To think that this woman overreacted to a man taking a pic of his DGD.(75 Posts)
DD (6) does gymnastics at a big gym attached to an equally big sort play centre, which forms a big part of the viewing area through windows between the two. It's a class of 25 or so, but split into smaller groups of about 5. I was watching DD on the beam through the window, along with a few other people with DCs in the same group. I was
at the Hedrin thread a bit distracted at the time, and didn't notice until one of the mums made an issue of it that the man next to me had taken a photo of his DGD on the beam. She was arsey about him taking photos of her DD and (understandably I think) he got on the defensive. She said there was a poster stating that no photos were allowed and went around me to point them out, only to find those posters were about something else. She then said she was going to report him and literally flounced off to do so.
The poor kid at reception then got dragged in to ask the man not to take photos - obviously he'd already done so and had only taken a pic of his DGD anyway - and point out that the gym's policy does not allow photos. There was no poster by where we were viewing from though, and unless he's been into the reception / changing area he probably hadn't seen any.
I think he was a bit ill advised taking pics in that situation but largely because of the potential for over reactions like this. He and the woman with him clearly had the care of their DGD and frankly if he'd inadvertently captured my DD in her leotard (arms covered, legs exposed) my first thought would not be 'I must challenge that potential paedophile'.
I remarked to the grandparents afterwards that I thought it was a massive overreaction and they were clearly upset. They said they don't see their DGD often and it had obviously spoilt their morning.
FFS, the gym has a semi-public viewing gallery. AIBU to think that if she couldn't just have quietly made a judgement herself about what they were doing, she could have had a private word with the gym proprietor, who was around, to ask her to police the gym's policy so that it could've been done with a bit of discretion and tact? The whole incident just screamed Daily Mail paedo alert at a granddad who just hadn't seen the signs about photography and probably went away feeling a bit grubby.
I think it's really sad that people suspect any male near children as a danger
A massive over reaction from her
It is so difficult these days as people take pics and then spread them all over social media. It is primarily a safeguarding issue. ANY foster children and some adopted children CANNOT have their photos on social media. The onus is on the foster career to prevent this. There may also be similar issues in families with estranged relatives. There are many reasons not to want photos of your children out of your control that are nothing to do with pedophiles.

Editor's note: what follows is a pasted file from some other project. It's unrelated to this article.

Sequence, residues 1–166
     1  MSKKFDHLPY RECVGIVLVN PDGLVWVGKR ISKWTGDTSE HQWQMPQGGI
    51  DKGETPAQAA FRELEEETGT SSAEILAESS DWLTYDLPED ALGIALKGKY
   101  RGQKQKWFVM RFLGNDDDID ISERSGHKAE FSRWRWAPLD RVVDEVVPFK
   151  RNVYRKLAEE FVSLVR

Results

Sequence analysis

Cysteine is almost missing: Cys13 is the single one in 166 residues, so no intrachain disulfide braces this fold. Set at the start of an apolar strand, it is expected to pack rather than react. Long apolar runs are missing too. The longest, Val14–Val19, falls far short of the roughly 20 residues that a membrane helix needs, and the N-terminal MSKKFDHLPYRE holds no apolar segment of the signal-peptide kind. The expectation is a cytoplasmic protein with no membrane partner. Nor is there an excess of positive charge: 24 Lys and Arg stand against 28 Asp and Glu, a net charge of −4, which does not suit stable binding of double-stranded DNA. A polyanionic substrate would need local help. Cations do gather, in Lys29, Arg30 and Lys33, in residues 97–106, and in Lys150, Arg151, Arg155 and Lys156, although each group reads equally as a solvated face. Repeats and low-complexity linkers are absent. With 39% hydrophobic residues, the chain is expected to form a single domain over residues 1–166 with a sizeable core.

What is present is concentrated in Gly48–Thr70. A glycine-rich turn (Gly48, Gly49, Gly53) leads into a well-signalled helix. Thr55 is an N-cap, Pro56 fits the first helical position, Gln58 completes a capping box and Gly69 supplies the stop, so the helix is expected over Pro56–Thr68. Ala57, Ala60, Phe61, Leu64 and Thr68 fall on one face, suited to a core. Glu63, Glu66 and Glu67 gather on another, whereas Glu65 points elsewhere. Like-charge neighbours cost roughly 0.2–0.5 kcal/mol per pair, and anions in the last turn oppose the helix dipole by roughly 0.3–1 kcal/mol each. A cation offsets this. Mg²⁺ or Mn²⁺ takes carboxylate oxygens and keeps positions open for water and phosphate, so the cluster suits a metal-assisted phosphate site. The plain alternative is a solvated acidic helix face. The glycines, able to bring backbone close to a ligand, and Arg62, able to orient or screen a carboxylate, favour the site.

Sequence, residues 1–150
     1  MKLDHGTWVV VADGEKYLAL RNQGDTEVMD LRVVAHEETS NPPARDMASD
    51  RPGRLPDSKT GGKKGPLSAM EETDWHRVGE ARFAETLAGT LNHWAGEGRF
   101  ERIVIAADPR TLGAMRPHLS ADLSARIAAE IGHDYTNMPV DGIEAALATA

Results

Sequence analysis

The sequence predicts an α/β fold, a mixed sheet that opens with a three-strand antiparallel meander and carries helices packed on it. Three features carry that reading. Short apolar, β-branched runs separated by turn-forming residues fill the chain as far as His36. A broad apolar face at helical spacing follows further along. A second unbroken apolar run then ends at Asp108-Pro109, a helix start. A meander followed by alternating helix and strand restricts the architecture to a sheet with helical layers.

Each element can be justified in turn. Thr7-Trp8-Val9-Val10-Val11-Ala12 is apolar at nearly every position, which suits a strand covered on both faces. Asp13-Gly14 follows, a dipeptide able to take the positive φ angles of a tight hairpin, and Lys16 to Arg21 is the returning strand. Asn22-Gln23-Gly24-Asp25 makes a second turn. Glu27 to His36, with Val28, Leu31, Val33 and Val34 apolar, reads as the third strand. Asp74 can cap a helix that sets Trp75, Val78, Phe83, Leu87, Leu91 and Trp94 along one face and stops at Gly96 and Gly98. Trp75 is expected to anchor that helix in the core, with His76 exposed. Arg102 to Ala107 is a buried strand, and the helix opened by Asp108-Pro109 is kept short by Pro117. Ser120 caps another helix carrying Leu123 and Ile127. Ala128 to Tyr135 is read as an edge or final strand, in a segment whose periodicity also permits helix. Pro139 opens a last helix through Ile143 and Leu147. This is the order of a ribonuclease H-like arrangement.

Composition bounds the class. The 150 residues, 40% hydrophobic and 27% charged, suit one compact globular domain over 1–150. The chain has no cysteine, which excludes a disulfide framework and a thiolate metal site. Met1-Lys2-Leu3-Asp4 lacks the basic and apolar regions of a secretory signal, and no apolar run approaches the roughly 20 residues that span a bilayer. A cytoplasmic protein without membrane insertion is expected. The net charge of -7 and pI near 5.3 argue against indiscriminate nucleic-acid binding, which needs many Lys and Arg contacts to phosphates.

The easiest safest way to ensure kids safety is to say no photos at groups like this. It is sad but unfortunately necessary as too many people are gung ho about posting their lives on Facebook.
Ok I see the safeguarding/ fostering argument. It could have been that.
It could have been dealt with a lot better but imo she isn't wrong for asking him to not do it. I've had to ask someone not to take photos at my tots group because of a safeguarding issue we have. The rule may seem stupid but sadly is totally needed.
If she was concerned, she should have told him photos weren't allowed and left it at that really.
I agree, it sounds like a big over reaction.
Oddly enough, some of the biggest over reacters I know when it comes to this sort of thing, have plastered 100s of pics of their own kids over the internet.
Yet they shit kittens if they think someone else has got so much as their kid's left eyebrow, in a pic they're taking.
I can see this being an issue from a safeguarding POV.
I do feel sad that these rules have to exist, but unfortunately they do.
He was breaching the policy but she dealt with it in such a confrontational way that it insinuated his ill intent.
My dd does gymnastics and one of the mums was standing right next to a sign saying no photos/videos while taking snaps of the class - it was clear she was only taking pictures when her dd was on the apparatus but other children were in shot.
I'm not worried about pictures of my dd but I don't know how the parents or carers of the other children would feel so I had no idea if I should have said anything or not. In the end I didn't say anything but I still feel bad, maybe I should have.
I'm confused, was the woman's DD in the shot or not? If not, it's not really any of her business if there's no rule saying they can't take photos (you said she couldn't find the sign) and only the guys dgd was in the shot...
I can understand I'd perhaps she'd had a quiet word and asked if he could make sure her DD wasn't in any pictures he took, or pointed out (nicely) that photos weren't allowed.
But that was a complete overreaction.
If there was a no photo policy, he should have apologised and deleted the photos. Sounds like he didn't (he got "defensive") so getting staff involved sounds reasonable (much more reasonable than her standing there arguing with him). Maybe she didn't express herself well or politely, but overall what she did was fine and he was in the wrong.
I'm torn between heart and head with these issues, and I think YANBU, it could have been dealt with better..
My heart says that a probably perfectly nice Grandad just wanted a nice photo of his DGD doing her hobby to take home with him.